Yes, there are a lot of relationship killers to avoid, but doing just this one thing can revive your relationship.
This post may contain affiliate links. At no extra cost to you, I'd receive a commission if you purchase through my link. Please read full disclosure here.
There are plenty of relationship killers out there, and speaking as a woman who has been divorced before, I feel like I have some insight on what brings the death of a relationship. But more importantly, let’s talk about how to revive one before it’s too late.
I believe the most significant thing we can do to heal our relationships is change what we’re focused on.
Think about a Camera
Even the one on your phone probably has this feature. You can choose what you want it to focus on — the foreground or the background.
For example, in this first picture, Toy Dwight and Toy Michael are clearly visible, while the background is blurry:
In the second photo, Toy Dwight and Toy Michael have been blurred out but the background is sharply focused:
It’s the same photo, except you’re changing which part is blurred. You’re changing the focus.
What Changed in Your Relationship?
I’m going to go out on a limb here and say that in the beginning of your relationship, things were pretty damn great — or else, why would you have gotten into the relationship?
If things are less-than-great now, what has changed? You could argue the usual stuff such as having kids, housework, work, financial struggles, and all that. Those are valid answers. Of course all of those factors would affect a relationship.
But why does the change have to be bad?
Building a family, sharing a home, and having a partner to shoulder your responsibilities are all things that should make your connection stronger. Otherwise, I don’t see the point getting into a relationship and just resigning yourself to its slow degradation.
Maybe those things didn’t change your relationship as much as they changed the way you see (or don’t see) your partner. Somewhere along the way, you got distracted from the things you love about your person and you hyper-focused on the things that bother you.
Remember What It Used to Feel Like?
Now, listen, I’m as guilty as anyone else with allowing this to happen. And I would never judge anyone for leaving a relationship that isn’t working anymore (you did read the part about my divorce, right?).
But I have hope — and experience — with a relationship getting even better with time instead of deteriorating. I’d like to share my thoughts, because maybe you can get the same results.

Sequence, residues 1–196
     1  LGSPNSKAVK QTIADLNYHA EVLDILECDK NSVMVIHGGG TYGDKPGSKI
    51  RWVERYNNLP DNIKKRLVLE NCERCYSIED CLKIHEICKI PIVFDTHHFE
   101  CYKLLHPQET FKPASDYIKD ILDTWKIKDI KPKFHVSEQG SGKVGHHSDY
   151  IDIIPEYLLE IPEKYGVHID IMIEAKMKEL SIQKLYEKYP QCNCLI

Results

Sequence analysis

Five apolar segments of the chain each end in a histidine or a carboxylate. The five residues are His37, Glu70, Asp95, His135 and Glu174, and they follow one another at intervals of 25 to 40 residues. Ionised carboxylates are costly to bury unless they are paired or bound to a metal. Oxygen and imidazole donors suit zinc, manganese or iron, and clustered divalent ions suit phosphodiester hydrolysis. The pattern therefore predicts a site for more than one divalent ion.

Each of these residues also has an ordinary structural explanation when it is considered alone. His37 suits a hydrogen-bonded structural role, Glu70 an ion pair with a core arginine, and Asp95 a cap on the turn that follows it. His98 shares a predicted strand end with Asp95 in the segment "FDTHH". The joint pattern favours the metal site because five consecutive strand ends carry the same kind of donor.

Start by looking back on all the reasons you fell in love in the first place and focus on all the things they do that add value to your life. Daydream about the way it was in the beginning — not to compare it to how you may feel now and make it feel worse by comparison, but to rekindle those early emotions.
Remember the good morning texts? (You can still send those!)
Remember how you used to get coffee for each other or buy each other gifts for no reason? Do you ever think about what it was like to lie in bed and just talk? To cuddle on the couch? To sip on drinks and listen to music together? To not check your phone at dinner because the person you most wanted to hear from was already sitting across from you?
Can you conjure up the way your heart fluttered when his hand brushed yours? When’s the last time you tried holding hands, anyway?
The Trap We All Fall into Sometimes…
No relationship — whether it’s with your spouse or your child or your boss or your sibling or your friend or whoever — can thrive if all you ever do is harp on the things they do wrong, refusing to pay attention to how much they’re doing right.
Unfortunately, it’s an easy trap to fall into.
There was one day when I told my 8-year-old to clean up the wrappers he left on the counter, to vacuum the crumbs he left in his room, to stop arguing with his little brother, to stop harassing his older brother, to hang up his coat, to turn down his YouTube video, to pick up the the toys he left on the stairs, to stop running in the house, to lower his volume when he was inside, to stop leaving the tops off of his markers, etc etc etc
I got in bed that night completely exhausted and frustrated with him, thinking to myself that he was so out of control that day and what was up with that? And then holy fuck, I felt slapped in the face as I actually recounted the day. Yes, all of those things were true, and it was totally valid for me to make most of those requests of him. But do you know what else happened that day?